Fwd: Speak, Memory

From: Wade T. Smith (wade.t.smith@verizon.net)
Date: Mon 20 Jan 2003 - 15:36:56 GMT

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    Frontiers by Gareth Cook

    Speak, Memory

    As certain as many of us are that we recall events when we were 3 or even younger, scientific research suggests otherwise.

    I was driving down the street when I glanced over and saw a tear sliding down my wife's cheek.

    "What if we die," she said, "and Aidan doesn't remember us?" Aidan is our son. He just turned 1.

    Even putting aside the morbid fear that something will happen to us - a part of the mental illness called "parenthood" - it's a disturbing idea. So much would vanish: watching trains, reading Goodnight Moon, playing the game where I slice strawberries into a bowl and put it on a low ledge for him to find.

    I can tell him about these things when he is older, but he'll shrug. I will probably forget most of them myself.

    For scientists, memory is proving an elusive target. They are making progress in understanding how the brain's development makes memory possible. But it is also becoming clear that neuroscience alone can't explain memory. Memory is tied to our ability to talk, to our ideas of who we are, even to our place in the social universe. Sometimes we talk about things so we'll remember them.

    When Conor Liston was an undergraduate at Harvard, he did a simple series of experiments that probed the beginnings of memory. The results, published recently in the journal Nature, show that people undergo a memory revolution at about age 1. And they show how difficult memory is to capture in a lab.

    Liston, who is now an MD/PhD student at Cornell University and the Sackler Institute for Developmental Psychobiology, recruited groups of very young children, aged 9 months, 17 months, and 24 months. He then had them watch while an experimenter enacted a sequence of actions and encouraged the children to copy them.

    For example, the experimenter would say "Cleanup time!" while wiping a table with a paper towel and then throw the towel into a wastebasket.
    (At this age, obviously, children are too young to be given purely verbal information to remember.) Then, four months later, the children were invited back and given the props and the verbal cue (such as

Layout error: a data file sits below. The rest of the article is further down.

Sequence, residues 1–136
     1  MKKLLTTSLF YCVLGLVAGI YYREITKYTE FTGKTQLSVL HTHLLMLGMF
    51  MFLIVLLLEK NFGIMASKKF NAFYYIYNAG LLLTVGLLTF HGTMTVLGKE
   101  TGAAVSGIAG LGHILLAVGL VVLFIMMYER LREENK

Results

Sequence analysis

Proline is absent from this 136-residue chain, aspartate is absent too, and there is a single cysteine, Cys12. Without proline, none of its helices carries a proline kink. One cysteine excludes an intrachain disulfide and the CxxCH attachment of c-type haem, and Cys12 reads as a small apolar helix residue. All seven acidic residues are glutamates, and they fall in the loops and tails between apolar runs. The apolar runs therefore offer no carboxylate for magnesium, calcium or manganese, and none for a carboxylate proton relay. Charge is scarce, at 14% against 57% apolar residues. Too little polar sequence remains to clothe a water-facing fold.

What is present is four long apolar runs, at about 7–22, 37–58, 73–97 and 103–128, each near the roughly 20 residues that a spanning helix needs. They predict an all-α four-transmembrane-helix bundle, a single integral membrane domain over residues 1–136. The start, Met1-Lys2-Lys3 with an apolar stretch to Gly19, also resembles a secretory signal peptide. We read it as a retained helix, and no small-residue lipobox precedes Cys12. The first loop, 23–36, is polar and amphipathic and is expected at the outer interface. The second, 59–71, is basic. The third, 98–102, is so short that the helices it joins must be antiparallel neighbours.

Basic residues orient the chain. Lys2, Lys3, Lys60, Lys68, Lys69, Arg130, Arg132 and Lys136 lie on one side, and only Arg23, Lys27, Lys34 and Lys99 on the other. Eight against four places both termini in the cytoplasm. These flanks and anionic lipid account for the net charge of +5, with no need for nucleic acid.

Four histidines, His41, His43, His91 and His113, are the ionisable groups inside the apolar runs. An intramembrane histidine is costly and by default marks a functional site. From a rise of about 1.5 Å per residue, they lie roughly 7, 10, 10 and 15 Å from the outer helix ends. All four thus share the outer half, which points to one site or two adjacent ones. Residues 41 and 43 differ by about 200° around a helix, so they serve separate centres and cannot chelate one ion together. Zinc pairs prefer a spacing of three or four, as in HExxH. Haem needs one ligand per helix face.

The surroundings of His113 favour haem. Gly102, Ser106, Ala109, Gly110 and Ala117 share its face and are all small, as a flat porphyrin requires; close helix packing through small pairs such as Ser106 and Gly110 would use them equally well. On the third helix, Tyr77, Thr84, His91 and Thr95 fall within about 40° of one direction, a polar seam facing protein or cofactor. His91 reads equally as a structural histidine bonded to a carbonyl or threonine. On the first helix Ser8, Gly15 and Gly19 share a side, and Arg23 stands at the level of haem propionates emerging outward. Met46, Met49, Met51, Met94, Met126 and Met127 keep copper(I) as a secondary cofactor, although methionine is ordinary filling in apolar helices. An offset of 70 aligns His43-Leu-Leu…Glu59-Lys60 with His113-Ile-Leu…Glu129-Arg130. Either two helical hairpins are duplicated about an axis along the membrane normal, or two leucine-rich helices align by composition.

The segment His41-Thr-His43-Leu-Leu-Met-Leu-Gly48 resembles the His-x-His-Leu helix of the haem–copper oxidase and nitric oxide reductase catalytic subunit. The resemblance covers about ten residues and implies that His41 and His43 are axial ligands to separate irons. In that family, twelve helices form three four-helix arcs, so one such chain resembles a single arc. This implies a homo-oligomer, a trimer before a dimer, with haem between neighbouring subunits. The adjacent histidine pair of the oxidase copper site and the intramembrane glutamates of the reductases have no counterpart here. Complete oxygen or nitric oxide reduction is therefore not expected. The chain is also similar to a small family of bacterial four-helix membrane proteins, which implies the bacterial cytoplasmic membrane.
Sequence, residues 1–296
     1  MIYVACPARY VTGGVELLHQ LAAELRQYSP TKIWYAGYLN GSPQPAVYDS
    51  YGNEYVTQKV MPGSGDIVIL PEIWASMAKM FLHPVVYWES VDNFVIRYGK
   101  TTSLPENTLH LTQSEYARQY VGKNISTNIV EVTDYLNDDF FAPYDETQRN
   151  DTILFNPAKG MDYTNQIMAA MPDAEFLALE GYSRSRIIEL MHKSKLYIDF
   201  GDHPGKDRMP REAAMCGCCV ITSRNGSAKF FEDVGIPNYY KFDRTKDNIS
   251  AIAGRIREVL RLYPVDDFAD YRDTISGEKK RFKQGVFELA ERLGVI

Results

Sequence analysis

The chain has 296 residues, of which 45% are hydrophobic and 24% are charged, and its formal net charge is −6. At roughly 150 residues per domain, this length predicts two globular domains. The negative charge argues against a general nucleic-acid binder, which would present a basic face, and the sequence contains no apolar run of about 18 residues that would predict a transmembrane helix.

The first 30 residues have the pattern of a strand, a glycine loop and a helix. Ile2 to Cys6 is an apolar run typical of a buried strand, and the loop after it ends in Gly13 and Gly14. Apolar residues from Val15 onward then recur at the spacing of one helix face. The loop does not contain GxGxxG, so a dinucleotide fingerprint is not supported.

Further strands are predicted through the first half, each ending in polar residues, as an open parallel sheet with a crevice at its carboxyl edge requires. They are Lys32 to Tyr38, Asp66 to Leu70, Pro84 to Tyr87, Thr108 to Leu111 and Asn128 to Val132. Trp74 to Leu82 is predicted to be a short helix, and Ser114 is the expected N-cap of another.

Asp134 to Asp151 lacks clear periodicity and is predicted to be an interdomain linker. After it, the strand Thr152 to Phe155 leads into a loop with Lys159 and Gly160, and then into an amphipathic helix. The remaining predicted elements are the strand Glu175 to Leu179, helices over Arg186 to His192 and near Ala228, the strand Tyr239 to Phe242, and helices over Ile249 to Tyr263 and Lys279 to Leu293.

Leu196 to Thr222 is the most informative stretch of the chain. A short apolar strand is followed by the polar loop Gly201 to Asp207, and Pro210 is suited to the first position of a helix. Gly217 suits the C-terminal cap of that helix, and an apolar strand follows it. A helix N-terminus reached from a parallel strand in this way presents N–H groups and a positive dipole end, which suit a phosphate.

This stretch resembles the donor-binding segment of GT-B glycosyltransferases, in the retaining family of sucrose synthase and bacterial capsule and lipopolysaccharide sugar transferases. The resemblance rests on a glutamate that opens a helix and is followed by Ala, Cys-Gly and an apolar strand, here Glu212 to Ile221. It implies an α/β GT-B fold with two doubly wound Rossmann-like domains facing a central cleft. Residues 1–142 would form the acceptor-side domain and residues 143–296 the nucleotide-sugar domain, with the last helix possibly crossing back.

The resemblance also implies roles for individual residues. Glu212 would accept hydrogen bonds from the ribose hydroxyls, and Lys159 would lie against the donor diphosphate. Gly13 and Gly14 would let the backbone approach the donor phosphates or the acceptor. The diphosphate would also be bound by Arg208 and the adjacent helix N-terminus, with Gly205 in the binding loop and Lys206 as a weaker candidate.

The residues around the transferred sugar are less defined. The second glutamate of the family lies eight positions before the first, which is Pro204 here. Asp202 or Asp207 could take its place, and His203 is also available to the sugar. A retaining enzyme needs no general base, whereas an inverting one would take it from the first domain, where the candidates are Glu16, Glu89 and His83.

"Cleanup time!") to see if they would reenact what they had seen earlier. The older two groups did well, while the youngest group did poorly: Something happens in those six months around the first birthday.

    In his Nature paper, which he wrote with Harvard psychologist Jerome Kagan, Liston suggests that the changes may have something to do with the development of the frontal lobe, which is involved in many higher functions of the brain.

    But in looking for the origins of memory, he says, you can't just look at the brain. For example, at 6 months, babies can remember events for up to 24 hours. And at 9 months, they can remember events for up to a month. But things leave the realm of today's neuroscience and become almost philosophical when you ask the question "What is your earliest memory?"

    Liston says his first memory is standing with his mother and grandmother, telling his grandmother what he wants for his third birthday. He remembers his mother being pregnant and being mad at him for issuing a set of birthday demands.

    But conventional wisdom has it that most people can't remember much that happened to them before about age 5. One reason is that it takes children a while to discover the concept of self-identity: You can't really remember things about yourself until you have a sense of who you are.

    Most children need to reach about 20 months before they will even pass the "rouge test." Put a blotch of red on their nose and hold them up to the mirror. If they reach for their real nose, not the one in the mirror, it shows some rudimentary sense of self.

    It takes longer, though, to develop the idea that you are a being, separate from the world, that continues through time: Something happened to me yesterday, the same me that is here now. This is so much a part of how we adults think that it is difficult to imagine thinking any differently. (Perhaps it could be said that all young children experience Zen consciousness.)

    Memory is also intertwined with language. Liston can't be sure whether he is really remembering the scene at age 3 or just remembering a scene constructed in his mind from conversations about it later.

    Someday, I'm sure my wife or I will ask: "Do you remember, Aidan, how you used to walk over here and pick strawberries from this bowl?" And then we'll probably ask until he does remember.

    Gareth Cook can be reached by e-mail at cook@globe.com.

    This story ran in the Boston Globe Magazine on 1/19/2003. Copyright 2003 Globe Newspaper Company.

    =============================================================== This was distributed via the memetics list associated with the Journal of Memetics - Evolutionary Models of Information Transmission For information about the journal and the list (e.g. unsubscribing) see: http://www.cpm.mmu.ac.uk/jom-emit



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